Hamilton concedes that progress has so far been slow.Public awareness remains a big problem. After decades ofdumping waste into the river, local residents fail to see itas an issue, she states. Lack of trust between business andgovernment represents an obstacle too, as does lack ofmanpower and expertise on the part of water authorities.Other challenges to public-private partnerships includethe pace at which they occur. For companies used to quickresults, it can seem slow, Farrington observes: “When youbegin to bring together a diversity of stakeholder arounda very public good like water, you have to understandthat it takes time and must respect in a wide variety ofperspectives, interests and mandates.”

It will require new thinking and fresh approaches toachieve the country’s 2025 target of universal access. Withthe government facing a host of other public servicedemands, it will require progressive intervention by theprivate sector too. As Hamilton concludes: “Unless wewant to be surrounded by dead rivers, we [as businesses]have got to get involved.”

Tanzania Overview

Economic Overview: Performance and Outlook

In 2012 and into 2013, the Tanzanian economy expandedat an annualized rate of approximately 7%. A World Bank/KPMG survey in November 2013 showed that 55% of the businessmanagers of the top 100 mid-sized companies in Tanzania feel thatthe economy is performing better in 2013 than in 2012, while 26%feel it is the same compared to 21% who said that it is now worsethan in 2012.

The main drivers of Tanzania’s rapid economic growthcontinue to be a small number of fast growing, capitalintensive sectors, particularly the communications, financialservices, construction, manufacturing and retail tradesectors. The service sector, driven by the expansion of transport,communications, retail trade and financial services, recorded thehighest rate of annual growth in 2012, at 8.0%. By contrast, laborintensive sectors, particularly the agricultural sector, in whichapproximately 80% of households are primarily engaged, recordedan average annual growth rate of only 4.2%. Similar trends, withhigher rates of growth recorded by the less labor intensive sectors,were observed across the board during the first two quarters of2013.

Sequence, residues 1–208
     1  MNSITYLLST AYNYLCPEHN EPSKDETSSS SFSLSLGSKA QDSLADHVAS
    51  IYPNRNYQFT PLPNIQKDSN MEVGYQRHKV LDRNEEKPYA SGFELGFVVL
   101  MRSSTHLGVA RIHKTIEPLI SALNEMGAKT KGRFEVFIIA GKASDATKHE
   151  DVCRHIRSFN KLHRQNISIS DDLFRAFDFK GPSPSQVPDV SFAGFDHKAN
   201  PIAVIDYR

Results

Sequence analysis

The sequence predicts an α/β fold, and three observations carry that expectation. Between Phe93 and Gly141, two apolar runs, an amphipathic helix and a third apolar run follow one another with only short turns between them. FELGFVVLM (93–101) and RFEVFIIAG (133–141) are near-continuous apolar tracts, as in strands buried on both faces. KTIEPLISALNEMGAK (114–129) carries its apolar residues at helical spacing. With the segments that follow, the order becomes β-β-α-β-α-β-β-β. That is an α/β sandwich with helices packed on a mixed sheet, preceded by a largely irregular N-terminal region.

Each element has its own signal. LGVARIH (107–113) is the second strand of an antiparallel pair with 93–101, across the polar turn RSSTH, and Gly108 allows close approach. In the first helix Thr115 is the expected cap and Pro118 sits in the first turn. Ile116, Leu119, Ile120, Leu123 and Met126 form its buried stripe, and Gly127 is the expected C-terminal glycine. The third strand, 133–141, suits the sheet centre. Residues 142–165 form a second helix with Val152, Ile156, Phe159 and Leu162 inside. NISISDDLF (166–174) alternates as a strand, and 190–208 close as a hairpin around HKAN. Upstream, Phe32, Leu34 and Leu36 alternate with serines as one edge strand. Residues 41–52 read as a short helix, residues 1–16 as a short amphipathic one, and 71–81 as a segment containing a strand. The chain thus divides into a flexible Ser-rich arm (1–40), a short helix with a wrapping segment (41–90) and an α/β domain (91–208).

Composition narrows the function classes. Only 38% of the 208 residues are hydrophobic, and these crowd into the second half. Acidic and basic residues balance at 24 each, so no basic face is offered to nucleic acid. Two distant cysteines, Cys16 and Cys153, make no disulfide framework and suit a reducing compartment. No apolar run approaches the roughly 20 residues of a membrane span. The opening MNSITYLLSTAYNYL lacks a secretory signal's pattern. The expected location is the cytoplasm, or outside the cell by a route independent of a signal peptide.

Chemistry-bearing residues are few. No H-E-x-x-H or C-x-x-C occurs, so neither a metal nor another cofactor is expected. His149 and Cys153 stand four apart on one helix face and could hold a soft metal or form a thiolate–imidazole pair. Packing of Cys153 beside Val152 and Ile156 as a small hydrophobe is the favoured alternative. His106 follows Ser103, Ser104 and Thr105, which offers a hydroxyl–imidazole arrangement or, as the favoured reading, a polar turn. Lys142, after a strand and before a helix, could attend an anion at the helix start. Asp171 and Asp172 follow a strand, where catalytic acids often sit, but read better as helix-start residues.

The inflation rate continued to decline in 2013, reaching a rateof 6.3% by October 2013. At the end of 2011, the inflation ratehad reached almost 20%. This steady and significant decline hasbeen the result of a combination of the implementation of strictermonetary policy and a decline in food and energy prices. As a result,Tanzania’s rate of inflation is now roughly equivalent to that ofneighboring Uganda and Kenya. The decline has also contributedto the stabilization of the real exchange rate, which appreciated byalmost 20% in 2011/12 as the result of the large inflation differentialbetween Tanzania and its trade partners. This stabilization of thereal exchange rate also has positive implications for exporters.

The most significant transformative factor on the economy isthe large natural gas reserves that were recently discovered.If managed well, these gas reserves have the potential to transformTanzania’s economic future. While the most significant impacts ofthis discovery on the local economy will not be felt for at least sevento ten years, when exploitation will start at full scale, the discoverywill nonetheless drive increased economic activity during theconstruction phase. In the long term, the magnitude and timing ofthe impact of the discovery remain uncertain. Careful managementof the revenues derived from the newly discovered natural resourceswill be required to ensure the optimal use of these revenues and toachieve inclusiveness.

In the meantime, if Tanzania is to follow the example ofsuccessful emerging countries, it will need to improve policyaspects in the areas of human development (Tanzania iscurrently ranked 152nd out of 182 countries on the HDI index); itsbusiness environment (134th out of 185 countries); and governmenteffectiveness (135th out of 212 countries). For the last twoindicators, Tanzania’s ranking has deteriorated over recent years.

The Tanzanian Government has implemented a relativelytight monetary policy to reduce monetary expansion andhas increased guiding interest rates. While this helped toreduce inflation, it resulted nevertheless in increases to the costof credit, imposing increased burdens on borrowers and therebynegatively impacting the expansion of the real economy. However,the magnitude of this negative impact may not be dramatic, as theratio of total credit to GDP was only 24.8% in 2012, compared toa figure of more than 130% in emerging counties such as Thailandand Malaysia.

Source: World Bank Last Updated: Apr 09, 2014




Current Issue: Africa Water & Sanitation & Hygiene March-April 2017 Vol.12 No.2